Mister Green

Interview: Mister Green “Stay Tuned”: a Chat with Andrew Lindner


Mister Green – Interview

Mister Green

Americana Highways had a chance to sit down with Andrew Lindner of the Americana roots rock outfit Mister Green.  Mister Green released a song, “Annabelle,” featuring Tom Morello, from their new album Stay Tuned, which was also just recently released on December 9th. Mister Green is duo Mark Renk Mister Green is duo Mark Renk (producer/co-writer for Helmet, Maroon 5, P.O.D.) and songwriter Andrew Lindner.  

Americana Highways: You opened the album with the song Annabelle, the single featuring Tom Morello. How did it come about for him to join in on this song?

Andrew Lindner: We have a mutual friend who introduced us, and we bonded over a mutual passion for standing up for others who don’t necessarily have a loud enough voice of their own. I admire this about him just as much as his musical wizardry. He was kind enough to offer to play a solo on our first single, “Annabelle” and I feel like it elevated the song tremendously and added a sharper edge to the song.

AH: “California Night” has an easy, acoustic Americana setup. How did you feel about this song and the way it turned out?

AL: This song is about a good friend whose partner was battling cancer at the time. They live in Southern California and embody that positive, upbeat California vibe. The song is about their relationship and how they turned their good- vibes attitude into a weapon to beat the disease. There’s something about California that gives people hope, from the gold-diggers that flocked there in 1849 through the dreamers today trying to make it in Hollywood.

AH: Is it satisfying to put a song like “California Night” right after a heavy hitter like “Annabelle” that featured Tom Morello?

AL: “California Night” started with the guitar riff you hear at the beginning. I couldn’t get it out of my head, and it felt so natural to play on guitar it practically played itself. The riff turned into an Americana Power Pop song that departs style-wise from the lead off song, “Annabelle”. The contrast between the first two songs is an unmistakable message to the listener to buckle their seatbelt for a melodically varied thrill ride with the common thread of vivid story telling.

AH: What were you going for, conceptually,  with some of the different musical styles and musical juxtapositions on the album?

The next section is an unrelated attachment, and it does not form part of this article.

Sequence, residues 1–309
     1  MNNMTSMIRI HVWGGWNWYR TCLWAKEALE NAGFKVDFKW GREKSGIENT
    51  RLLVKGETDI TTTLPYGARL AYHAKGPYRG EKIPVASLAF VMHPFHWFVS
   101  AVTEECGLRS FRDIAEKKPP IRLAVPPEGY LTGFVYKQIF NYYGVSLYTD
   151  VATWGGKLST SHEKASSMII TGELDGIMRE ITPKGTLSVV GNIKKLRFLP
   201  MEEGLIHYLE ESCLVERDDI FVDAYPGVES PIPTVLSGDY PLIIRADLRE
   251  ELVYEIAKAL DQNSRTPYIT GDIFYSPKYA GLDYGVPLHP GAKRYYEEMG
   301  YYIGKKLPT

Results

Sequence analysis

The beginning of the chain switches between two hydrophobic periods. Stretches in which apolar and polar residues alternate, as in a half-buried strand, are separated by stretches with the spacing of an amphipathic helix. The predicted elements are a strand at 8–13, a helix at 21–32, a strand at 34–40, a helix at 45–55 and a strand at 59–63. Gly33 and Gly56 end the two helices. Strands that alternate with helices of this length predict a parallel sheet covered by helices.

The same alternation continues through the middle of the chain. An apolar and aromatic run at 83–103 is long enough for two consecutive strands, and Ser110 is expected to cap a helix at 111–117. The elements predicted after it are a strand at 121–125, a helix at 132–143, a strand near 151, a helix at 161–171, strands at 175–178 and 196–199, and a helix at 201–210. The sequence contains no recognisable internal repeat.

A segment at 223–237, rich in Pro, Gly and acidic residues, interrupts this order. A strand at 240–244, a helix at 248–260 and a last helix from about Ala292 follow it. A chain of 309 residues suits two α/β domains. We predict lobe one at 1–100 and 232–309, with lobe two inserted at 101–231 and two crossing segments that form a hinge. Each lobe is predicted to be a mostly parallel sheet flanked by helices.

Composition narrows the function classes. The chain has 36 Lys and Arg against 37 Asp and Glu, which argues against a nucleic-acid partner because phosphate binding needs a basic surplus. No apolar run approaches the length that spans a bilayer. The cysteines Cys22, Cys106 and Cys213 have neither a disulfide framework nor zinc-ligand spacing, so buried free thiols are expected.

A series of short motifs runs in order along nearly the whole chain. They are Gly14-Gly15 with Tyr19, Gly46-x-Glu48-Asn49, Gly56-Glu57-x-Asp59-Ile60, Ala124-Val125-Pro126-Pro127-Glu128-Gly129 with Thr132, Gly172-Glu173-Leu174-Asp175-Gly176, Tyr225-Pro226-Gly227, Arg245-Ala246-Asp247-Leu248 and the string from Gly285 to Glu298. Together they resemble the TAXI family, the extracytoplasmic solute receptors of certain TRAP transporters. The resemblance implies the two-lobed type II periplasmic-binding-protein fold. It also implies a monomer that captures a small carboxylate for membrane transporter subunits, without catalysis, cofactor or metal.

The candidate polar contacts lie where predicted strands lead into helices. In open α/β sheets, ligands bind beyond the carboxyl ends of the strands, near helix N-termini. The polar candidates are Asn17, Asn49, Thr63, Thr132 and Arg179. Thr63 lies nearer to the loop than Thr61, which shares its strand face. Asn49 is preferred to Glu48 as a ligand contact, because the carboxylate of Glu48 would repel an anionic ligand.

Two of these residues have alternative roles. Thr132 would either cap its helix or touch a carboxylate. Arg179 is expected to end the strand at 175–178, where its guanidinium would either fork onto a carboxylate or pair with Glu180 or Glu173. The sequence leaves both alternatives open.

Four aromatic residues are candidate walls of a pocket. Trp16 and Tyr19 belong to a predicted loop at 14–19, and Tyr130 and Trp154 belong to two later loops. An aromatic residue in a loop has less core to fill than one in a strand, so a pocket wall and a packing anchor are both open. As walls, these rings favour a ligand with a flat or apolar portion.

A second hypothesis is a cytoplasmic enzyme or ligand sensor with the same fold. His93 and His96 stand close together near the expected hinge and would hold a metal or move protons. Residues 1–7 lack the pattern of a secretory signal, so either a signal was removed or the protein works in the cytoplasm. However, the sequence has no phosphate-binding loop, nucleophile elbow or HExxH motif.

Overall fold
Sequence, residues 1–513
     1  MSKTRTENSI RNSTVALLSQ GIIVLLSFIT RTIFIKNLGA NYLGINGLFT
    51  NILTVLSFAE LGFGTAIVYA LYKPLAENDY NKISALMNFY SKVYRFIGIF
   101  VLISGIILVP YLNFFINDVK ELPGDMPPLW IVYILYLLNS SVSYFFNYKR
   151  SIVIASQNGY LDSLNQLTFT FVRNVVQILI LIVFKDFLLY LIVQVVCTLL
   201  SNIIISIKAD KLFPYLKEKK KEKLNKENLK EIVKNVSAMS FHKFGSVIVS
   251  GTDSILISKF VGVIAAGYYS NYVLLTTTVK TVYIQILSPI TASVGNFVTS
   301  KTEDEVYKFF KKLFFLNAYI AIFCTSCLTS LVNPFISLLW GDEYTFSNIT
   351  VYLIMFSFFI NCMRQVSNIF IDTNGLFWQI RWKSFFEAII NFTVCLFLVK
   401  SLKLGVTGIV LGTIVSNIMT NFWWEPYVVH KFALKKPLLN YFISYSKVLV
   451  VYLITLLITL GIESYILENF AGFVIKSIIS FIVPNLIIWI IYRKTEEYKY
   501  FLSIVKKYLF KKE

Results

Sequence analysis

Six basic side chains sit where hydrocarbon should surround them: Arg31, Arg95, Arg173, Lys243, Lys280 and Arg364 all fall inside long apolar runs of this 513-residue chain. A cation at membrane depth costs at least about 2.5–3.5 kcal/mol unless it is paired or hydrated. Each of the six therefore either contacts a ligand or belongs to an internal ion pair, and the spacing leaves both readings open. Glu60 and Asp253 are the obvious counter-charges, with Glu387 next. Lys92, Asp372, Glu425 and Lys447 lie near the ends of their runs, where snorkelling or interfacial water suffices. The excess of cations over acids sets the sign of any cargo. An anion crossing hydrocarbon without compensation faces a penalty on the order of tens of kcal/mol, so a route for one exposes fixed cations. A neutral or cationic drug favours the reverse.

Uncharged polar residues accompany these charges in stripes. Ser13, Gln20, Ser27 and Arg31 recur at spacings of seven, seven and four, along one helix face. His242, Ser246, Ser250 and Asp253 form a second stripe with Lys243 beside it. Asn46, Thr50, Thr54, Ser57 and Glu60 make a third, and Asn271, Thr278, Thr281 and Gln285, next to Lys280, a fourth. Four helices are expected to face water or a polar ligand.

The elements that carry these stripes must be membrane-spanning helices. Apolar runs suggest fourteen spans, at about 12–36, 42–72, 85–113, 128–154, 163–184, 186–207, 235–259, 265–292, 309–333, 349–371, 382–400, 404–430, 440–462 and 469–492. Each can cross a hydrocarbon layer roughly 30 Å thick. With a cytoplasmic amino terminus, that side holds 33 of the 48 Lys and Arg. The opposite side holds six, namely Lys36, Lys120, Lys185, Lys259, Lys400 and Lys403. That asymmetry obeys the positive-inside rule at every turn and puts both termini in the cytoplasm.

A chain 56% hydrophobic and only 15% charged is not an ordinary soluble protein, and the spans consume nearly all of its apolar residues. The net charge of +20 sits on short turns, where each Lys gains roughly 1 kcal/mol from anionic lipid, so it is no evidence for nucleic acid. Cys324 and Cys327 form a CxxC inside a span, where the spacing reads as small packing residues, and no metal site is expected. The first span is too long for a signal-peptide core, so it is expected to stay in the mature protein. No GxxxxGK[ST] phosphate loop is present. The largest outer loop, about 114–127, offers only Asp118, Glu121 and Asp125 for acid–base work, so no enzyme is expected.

AL: The songs on the album revolve around the central theme of taking chances before it’s too late. That theme is told through the back stories of various characters in the songs. Story telling with adult lyrics paired with a youthful, fresh sound. Although the listener may be hearing them the first time, the songs should sound vaguely familiar nostalgic, as they borrow elements from the early innovators of rock ‘n roll from Buddy Holly to Green Day. Nothing beats the proven chordal formula of 1-4-5!

AH: How did you decide to cover “Mary Jane’s Last Dance” and what was it like creating that one for the album, with all its intense electric energy?

AL: Such a great song that is overdue for a comeback. Let’s face it, Petty was the master of painting an entire portrait in the mind of the listener with just a few carefully selected words like “that party dress.” Three words, instant scene. He was amazingly efficient with his lyrics, and his delivery was authentic and irresistible. This is a very recognizable song which makes covering it dangerous business. This version has more twang but still honors the original simplicity and the genius of his simple story telling. Hopefully we hit the mark.

AH: What do you remember about your reaction to the news of Tom Petty’s passing, and the days afterward?

AL: Like most fans, I didn’t know Tom Petty personally, but when he passed it felt like I had lost an old friend. His songs were like a synch track for many people’s lives, and it felt like the music would never end. And then suddenly it did. It left a crater in a lot of people’s hearts. But his passing also inspired me to attempt to write my own songs that, like his, are catchy, relatable, and full of imagery.

AH: To what degree would you say music is an emotional release for the listener?

AL: I think music is experienced differently depending on the listener – any response is a good response if it moves you or helps you deal with something. Music can facilitate escape or experience depending on the need. It can be a time- machine taking you back to that feeling of your first kiss, or it can allow you to work through a difficult experience by listening to it on repeat. For example, “What He Said to Me” is a song about my father who passed away from ALS and hearing it is a way for me to experience something that is no longer here. Even though he is physically gone, I feel like I get to visit him every time I sing that song.

AH: How did you decide on the name “Mister Green”?

AL: (laughs) Weed. I suppose I could come up with a clever answer to the question, but the honest answer is weed. It would be disingenuous to not recognize weed as an essential ingredient in the creation of this album. How else could we have come up with the idea to have the child actor who played Mike TeeVee in the original Willie Wonka movie on the front cover of our album entitled “Stay Tuned”? By the way, he’s still wearing that same cowboy outfit and pickling his brain watching an old-fashioned TV.

AH: What’s on the horizon for Mister Green in the next couple of months?

AL: We are excited to release this LP into the wild and seeing where it goes and who it reaches. In the meantime, we are busy writing the next batch of songs for a follow up LP. Stay tuned

Thanks for talking with us, Andrew. Find more information about, and music by, Mister Green here: https://www.instagram.com/mistergreenmusic/

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